Hello Nepal (Day 19) – Zhangmu to Kathmandu 9 July 2009

The next morning, on the last day of our road trip, the sun was out!, and we continued down the gorge to the Friendship Bridge – the border between Tibet and Nepal. friendship bridgeOnly foot traffic is allowed on the bridge, so we bid a fond farewell to Kunchok and Sangye, and crossed over, porters carrying our luggage. On the other side of the bridge we were met by equally efficient and personable Prabin, who would be our Nepal guide, and his assistants. We were SO thankful they quickly ushered us through immigration, bypassing what most tourists had to contend with, which was an absolute, chaotic mess…a tiny, dark, packed room off a narrow muddy main street, elementary school desks used to sit and complete the paperwork…wow.

The road – a MAIN road – was even worse than before (I wrote ‘madness’ in my journal!), going from wide mud holes to smooth new concrete, construction in fits and starts. mudholeWe finally bottomed out at about 2000’, and then climbed again after crossing the wide, churning muddy Sun Kosi river to have lunch at Dhulikhel Resort perched on a hilltop. The contrast between the small, luxurious resort and the wild, poverty-stricken border town of Kodari back up the mountain was jarring.

We were now on the edge of the Kathmandu valley, with rolling, fertile steep green hills in every direction. If not for the rainy season and the beautiful sky-high clouds, from the balcony where we had lunch we would have seen the snow-covered Himalayan peaks stretched from one end of the north horizon to the other. But the view (below) was wonderful in spite of that, and we could imagine the mountains with the help of photos on the walls of the resort.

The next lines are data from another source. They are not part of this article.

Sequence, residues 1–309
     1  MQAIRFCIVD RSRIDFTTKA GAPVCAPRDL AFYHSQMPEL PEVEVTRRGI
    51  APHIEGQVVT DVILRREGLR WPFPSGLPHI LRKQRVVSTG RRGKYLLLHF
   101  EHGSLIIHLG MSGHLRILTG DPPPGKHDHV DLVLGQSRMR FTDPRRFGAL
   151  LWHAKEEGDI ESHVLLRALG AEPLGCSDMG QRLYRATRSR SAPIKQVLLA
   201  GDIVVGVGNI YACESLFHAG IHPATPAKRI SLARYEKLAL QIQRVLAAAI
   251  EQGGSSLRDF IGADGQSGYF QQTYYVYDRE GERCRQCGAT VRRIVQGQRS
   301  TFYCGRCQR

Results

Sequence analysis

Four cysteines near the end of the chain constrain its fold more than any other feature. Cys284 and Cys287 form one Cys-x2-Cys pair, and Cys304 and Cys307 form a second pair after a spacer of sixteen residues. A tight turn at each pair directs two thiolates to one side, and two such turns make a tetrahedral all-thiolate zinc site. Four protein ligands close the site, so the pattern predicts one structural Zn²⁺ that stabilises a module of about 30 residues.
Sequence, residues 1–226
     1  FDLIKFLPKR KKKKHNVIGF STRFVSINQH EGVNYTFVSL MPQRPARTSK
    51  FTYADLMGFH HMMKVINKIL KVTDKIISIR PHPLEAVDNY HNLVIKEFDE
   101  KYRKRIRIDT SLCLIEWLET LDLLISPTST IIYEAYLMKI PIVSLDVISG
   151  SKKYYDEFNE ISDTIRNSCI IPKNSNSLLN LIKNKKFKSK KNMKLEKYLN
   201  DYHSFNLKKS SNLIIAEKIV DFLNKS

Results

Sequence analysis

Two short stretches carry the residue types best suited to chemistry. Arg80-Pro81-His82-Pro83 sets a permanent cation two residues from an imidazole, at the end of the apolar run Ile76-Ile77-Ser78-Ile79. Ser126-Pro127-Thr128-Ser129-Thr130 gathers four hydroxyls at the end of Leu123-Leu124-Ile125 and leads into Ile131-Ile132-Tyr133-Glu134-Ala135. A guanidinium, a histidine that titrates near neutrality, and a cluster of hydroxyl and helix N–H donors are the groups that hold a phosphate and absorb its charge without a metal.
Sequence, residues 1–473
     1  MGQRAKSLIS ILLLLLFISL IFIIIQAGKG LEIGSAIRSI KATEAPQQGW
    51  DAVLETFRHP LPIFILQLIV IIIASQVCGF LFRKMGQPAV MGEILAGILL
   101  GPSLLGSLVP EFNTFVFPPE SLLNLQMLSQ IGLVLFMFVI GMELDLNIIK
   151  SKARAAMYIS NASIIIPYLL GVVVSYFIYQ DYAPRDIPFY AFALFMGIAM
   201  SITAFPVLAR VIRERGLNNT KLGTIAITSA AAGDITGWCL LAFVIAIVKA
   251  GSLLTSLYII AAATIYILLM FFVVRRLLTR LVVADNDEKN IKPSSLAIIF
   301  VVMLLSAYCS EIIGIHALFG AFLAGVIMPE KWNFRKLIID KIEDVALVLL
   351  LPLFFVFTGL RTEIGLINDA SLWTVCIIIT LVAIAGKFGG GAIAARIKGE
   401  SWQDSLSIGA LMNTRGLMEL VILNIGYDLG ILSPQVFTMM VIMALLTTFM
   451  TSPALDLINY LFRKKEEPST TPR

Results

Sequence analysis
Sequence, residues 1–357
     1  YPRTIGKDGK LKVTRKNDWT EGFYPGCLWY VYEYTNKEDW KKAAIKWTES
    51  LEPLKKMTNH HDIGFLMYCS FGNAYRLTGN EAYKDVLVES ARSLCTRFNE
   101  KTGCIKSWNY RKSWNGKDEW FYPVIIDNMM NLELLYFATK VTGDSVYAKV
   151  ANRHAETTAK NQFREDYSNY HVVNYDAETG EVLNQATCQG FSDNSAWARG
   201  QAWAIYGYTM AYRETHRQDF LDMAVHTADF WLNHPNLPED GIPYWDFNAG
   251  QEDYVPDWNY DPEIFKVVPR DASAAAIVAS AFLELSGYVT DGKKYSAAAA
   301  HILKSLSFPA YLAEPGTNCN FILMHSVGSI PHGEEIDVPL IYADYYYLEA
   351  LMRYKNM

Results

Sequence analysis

KtmvalleyAs we approached Kathmandu, hundreds of chimneys dotted the landscape in every direction…brickmaking is a major industry of this area, and most of the buildings are made of beautiful red brick. Kathmandu is known as the City of Temples, and the city and surrounding Kathmandu Valley was divided into four kingdoms established by the ancient Newari rulers.

We had planned to visit the famous Boudananth Stupa on our way to the hotel, but events conspired against us: the President and VP were crossing our path in horse-drawn carriages with street closings, and the already choked traffic was completely gridlocked for hours (it even made the papers the next day). So Prabin finally gave up and we hopped out of the van and walked to the hotel, our luggage to follow us later. Getting to the Yak and Yeti, a 5-star hotel, was also jarring – it is situated in the midst of a very poor area, not quite a slum, but we felt completely spoiled as we arrived and were offered a fruit drink in the beautiful lounge.

We celebrated our arrival in Kathmandu that evening with dinner at RumDoodle – known for its good food, famous mountaineering guests, and footprint greetings all over the walls. It is named after a funky and celebrated novel about mountaineering I’d never heard of but can’t wait to read.